This corporation ain't big enough for two weather networks, so it's audios Weather Plus.
NBC has made it official that the fledgling all-weather network is being phased out by the end of the year. The reason: NBC just bought The Weather Channel. Oops.
It wasn't that Weather Plus was all that bad, but rather the timing was the worst since the introduction of the 2008 SUV line-up just in time for $4 a gallon gas. It was envisioned that Weather Plus would offer a 24-hour a day alternative to The Weather Channel's increasingly chatty programming. In reality, it was relegated to the "point 3" channel on most NBC affiliates' new digital signals. Compare that to The Weather Channel's seemingly omnipresence during hurricane season, and it was clear the little dog never had a chance. Furthermore, many local TV stations use their own Doppler radars as the visual backbone for their continuous local weather channels. The Peacock's graphically cluttered theme, combined with oft repeated automated segments, sealed its fate.
The television landscape may support multiple ESPN's, a Fox Sports channel, two C-Spans, multiple children's networks, four PBS signals to every affiliate, and a plethora of religious channels... but there's still room for only one Weather Channel.
Cable TV providers seem to be running into a number of "disputes" with local TV stations these days. In my general region alone, Time Warner had pulled the plug on two different major network affiliates in two markets last week. What gives? Here it is in a nutshell:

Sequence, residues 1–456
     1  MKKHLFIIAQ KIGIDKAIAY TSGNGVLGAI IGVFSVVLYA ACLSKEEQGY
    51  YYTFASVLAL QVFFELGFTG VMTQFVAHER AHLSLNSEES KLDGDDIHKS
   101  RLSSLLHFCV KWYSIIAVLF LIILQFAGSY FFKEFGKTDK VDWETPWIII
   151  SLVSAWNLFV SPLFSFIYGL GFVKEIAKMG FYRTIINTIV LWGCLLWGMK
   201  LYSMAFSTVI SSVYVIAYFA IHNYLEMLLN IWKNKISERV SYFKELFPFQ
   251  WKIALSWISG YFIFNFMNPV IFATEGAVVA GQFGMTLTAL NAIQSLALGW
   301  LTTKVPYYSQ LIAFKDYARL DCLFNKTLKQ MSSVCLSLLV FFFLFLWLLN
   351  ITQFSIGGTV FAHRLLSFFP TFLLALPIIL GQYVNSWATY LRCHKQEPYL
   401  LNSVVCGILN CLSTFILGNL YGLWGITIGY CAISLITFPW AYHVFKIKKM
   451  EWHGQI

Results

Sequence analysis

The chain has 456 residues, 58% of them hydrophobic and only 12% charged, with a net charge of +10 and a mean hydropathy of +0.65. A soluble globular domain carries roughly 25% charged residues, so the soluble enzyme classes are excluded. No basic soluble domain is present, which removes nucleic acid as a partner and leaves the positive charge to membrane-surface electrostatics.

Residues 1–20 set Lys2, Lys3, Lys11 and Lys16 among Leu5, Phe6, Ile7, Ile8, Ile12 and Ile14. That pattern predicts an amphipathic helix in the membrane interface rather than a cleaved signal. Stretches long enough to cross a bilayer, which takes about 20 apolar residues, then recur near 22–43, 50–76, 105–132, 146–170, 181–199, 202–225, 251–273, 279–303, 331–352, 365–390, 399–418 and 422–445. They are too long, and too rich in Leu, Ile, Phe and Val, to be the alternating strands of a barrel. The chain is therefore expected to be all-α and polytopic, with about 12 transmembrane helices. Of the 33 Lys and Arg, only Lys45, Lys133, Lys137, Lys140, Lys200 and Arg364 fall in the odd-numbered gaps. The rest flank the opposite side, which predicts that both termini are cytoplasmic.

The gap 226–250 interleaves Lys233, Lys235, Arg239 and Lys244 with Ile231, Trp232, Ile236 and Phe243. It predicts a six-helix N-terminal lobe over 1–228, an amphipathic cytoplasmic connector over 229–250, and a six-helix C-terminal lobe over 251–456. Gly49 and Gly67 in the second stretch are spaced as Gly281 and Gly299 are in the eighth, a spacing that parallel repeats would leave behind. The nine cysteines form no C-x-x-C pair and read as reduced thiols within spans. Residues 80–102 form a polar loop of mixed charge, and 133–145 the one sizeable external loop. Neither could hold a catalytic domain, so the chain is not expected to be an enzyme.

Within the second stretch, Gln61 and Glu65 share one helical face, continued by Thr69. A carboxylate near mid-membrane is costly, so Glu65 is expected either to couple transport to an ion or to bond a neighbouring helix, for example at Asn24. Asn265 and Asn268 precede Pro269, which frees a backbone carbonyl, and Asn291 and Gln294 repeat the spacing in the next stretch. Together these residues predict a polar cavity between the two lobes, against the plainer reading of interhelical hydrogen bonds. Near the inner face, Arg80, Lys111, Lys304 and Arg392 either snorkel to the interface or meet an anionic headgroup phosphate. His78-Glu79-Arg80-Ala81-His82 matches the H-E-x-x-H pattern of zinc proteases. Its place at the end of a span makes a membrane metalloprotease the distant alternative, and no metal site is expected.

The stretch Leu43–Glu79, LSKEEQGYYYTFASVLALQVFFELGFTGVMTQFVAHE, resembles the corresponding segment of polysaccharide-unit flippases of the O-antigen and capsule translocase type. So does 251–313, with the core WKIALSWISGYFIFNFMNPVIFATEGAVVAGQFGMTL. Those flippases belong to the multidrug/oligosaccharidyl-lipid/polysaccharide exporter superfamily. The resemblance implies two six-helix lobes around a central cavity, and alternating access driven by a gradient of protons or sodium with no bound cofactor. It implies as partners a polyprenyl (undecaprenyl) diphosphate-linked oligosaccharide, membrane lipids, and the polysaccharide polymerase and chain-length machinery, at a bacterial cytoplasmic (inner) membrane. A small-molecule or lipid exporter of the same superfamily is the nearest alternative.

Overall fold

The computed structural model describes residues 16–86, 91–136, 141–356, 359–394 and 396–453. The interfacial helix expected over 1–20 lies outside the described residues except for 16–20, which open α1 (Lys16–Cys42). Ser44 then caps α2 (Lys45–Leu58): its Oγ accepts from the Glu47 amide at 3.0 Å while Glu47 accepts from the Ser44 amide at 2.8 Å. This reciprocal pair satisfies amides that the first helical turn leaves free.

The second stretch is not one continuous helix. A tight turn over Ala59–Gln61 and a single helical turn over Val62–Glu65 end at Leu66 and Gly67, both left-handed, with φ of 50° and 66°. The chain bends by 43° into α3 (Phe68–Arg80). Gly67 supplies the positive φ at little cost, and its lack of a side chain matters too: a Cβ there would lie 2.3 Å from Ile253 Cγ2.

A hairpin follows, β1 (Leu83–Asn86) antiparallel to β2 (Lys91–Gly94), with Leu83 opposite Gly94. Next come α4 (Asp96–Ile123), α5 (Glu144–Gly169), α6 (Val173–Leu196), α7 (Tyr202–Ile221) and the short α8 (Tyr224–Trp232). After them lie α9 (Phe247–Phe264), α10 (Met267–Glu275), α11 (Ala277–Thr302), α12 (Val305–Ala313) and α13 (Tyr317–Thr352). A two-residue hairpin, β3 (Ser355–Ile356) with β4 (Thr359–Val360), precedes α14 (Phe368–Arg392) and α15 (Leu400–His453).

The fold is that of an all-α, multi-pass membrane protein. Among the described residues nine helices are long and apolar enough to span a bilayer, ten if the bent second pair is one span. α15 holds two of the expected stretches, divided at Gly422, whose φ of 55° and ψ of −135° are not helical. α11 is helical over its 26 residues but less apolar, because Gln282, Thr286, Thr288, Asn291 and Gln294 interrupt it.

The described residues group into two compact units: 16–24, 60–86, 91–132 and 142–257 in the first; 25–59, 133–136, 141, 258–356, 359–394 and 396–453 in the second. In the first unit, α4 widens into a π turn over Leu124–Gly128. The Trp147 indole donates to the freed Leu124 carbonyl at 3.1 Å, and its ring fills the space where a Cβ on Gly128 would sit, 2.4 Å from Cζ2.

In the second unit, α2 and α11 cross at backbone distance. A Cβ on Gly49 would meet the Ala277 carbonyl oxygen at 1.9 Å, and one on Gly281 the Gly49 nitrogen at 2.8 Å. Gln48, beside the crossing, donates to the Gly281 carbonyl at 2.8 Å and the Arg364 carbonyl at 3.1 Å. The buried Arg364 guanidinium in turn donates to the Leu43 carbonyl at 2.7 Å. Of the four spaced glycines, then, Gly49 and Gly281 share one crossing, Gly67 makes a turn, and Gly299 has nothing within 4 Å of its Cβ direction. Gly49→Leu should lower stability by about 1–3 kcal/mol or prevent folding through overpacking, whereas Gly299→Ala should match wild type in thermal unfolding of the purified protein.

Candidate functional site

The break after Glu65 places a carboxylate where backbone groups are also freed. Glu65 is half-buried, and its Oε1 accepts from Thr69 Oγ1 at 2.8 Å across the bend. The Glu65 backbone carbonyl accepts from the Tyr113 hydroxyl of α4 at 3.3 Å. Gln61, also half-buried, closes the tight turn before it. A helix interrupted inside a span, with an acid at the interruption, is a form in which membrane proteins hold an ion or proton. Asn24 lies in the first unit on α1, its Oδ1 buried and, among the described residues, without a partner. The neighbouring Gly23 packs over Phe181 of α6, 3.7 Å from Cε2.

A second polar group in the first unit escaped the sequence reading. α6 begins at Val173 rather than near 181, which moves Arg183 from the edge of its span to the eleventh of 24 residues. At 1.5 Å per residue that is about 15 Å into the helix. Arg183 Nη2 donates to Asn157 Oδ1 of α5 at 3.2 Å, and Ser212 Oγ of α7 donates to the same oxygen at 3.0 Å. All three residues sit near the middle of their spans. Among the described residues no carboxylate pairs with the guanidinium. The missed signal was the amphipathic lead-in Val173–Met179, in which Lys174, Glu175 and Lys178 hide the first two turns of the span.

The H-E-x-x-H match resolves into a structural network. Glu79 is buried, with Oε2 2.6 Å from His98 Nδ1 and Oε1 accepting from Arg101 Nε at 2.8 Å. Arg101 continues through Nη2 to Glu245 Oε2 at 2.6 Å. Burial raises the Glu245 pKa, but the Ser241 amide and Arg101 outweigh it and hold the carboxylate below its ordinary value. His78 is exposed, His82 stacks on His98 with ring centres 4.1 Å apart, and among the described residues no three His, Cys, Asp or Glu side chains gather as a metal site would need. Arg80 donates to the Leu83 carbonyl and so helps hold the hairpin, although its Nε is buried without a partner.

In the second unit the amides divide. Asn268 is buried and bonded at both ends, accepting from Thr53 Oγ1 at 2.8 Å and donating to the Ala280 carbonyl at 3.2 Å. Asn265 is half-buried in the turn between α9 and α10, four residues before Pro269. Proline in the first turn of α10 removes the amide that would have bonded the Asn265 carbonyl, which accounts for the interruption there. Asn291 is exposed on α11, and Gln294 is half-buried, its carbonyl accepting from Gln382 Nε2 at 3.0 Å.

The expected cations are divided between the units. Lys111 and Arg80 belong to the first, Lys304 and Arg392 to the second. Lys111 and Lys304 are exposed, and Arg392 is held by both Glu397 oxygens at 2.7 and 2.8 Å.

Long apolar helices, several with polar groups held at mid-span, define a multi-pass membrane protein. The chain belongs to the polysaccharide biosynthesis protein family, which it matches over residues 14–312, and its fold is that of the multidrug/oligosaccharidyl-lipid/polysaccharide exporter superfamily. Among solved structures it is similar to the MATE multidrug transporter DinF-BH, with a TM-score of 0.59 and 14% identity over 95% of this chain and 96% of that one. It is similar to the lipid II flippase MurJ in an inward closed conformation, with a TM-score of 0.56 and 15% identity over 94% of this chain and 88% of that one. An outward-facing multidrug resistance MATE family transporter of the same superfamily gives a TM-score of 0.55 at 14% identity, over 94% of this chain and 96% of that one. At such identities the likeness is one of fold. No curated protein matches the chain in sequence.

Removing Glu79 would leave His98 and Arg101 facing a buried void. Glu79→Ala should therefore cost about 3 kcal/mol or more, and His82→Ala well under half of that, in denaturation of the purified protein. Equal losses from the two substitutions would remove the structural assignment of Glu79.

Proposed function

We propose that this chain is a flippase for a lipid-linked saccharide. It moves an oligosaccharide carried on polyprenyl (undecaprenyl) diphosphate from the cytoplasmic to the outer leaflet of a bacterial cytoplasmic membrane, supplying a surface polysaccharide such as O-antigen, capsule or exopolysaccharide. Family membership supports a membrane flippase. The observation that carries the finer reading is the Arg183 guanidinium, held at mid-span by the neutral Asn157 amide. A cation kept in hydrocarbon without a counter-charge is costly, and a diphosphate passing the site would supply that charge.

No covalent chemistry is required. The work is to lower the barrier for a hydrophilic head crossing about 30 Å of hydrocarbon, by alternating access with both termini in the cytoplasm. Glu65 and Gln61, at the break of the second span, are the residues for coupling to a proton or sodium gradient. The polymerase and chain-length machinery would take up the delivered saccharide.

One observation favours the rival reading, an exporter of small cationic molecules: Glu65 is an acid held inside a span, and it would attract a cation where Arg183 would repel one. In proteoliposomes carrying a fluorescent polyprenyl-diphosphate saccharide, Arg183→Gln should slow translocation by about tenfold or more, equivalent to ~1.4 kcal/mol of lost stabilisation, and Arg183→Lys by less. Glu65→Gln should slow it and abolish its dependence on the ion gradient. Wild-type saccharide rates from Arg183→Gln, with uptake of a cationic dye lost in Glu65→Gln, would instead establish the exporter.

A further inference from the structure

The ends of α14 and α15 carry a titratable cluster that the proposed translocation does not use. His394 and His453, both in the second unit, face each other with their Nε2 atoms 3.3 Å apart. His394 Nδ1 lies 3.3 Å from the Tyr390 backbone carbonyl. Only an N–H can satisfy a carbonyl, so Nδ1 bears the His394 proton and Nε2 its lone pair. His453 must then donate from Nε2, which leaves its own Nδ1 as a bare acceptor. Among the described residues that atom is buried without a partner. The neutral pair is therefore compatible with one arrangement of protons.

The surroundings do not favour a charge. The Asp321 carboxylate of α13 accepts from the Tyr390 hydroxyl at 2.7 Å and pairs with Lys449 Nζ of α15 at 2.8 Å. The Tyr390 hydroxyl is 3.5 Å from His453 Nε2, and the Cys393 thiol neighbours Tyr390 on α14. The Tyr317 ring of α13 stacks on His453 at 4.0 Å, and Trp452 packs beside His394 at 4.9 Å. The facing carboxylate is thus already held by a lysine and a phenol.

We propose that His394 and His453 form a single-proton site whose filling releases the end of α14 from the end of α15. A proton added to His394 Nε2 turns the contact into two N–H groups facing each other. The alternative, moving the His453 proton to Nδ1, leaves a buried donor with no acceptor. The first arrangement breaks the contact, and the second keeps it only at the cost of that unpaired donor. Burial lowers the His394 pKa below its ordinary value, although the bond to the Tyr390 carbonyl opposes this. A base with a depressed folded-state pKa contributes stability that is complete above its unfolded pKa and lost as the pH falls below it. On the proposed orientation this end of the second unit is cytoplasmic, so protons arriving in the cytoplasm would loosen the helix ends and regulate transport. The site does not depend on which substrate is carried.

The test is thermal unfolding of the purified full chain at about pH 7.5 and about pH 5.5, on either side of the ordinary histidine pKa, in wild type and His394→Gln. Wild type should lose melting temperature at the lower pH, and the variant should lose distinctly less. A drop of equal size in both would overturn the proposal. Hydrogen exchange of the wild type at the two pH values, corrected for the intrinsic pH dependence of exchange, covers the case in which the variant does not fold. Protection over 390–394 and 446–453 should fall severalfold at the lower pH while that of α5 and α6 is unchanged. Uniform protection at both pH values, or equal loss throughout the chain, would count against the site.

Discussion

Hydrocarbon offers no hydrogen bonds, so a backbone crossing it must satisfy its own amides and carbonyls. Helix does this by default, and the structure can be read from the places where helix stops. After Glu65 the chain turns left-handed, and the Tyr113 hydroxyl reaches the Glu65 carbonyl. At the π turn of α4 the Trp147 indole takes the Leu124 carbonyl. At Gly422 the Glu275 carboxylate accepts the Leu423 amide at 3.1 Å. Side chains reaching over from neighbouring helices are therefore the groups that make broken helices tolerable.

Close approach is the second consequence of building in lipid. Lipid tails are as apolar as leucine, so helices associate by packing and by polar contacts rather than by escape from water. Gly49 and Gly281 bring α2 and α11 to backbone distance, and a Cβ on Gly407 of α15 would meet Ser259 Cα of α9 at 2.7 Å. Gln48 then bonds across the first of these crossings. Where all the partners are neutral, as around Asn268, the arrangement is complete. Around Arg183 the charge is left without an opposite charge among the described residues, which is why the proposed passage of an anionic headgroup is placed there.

Once upon a time, a cable operator had to provide local channels whether they wanted to or not, 'cause the FCC said so. The "must carry" law went away some years ago, but most cable systems remained unchanged simply because things were working fine they way they were. But now, with the economy in the johnny flusher and ad revenues already off, local TV stations are looking for any means they can find to raise a little cash. The solution: inform the cable operators in your area that they are infringing on your rights by retransmitting your signal without fair compensation. Now, gimmee your money.
Naturally enough, the cable company's response to this is going to be, "@*%# you." They turn off the reception of the local station and put Starz Kids in its place. As a result, instead of Payton Manning and the Colts, you get "Bee Movie." Remote controls go flying. Screens are smashed. TV stations, cable operators, congressmen, and senators find their voice mails melted on Monday morning.
I'm not a lawyer, but it seems to me that if any of these disputes ever came to trial, I would want to know why, oh, say WANE in Fort Wayne, for example, hasn't felt motivated to taking action for the theft of their intellectual property in the any of the previous 50 years that their signal has been retransmitted all over the region. And what makes their signal in 2008 more valuable than the signal they transmitted in 2007, 2006, 2005, etc... Market value? Potential sales revenue? The court will take a 15 minute recess for the jury to stop laughing. YOU'RE A CBS AFFILIATE.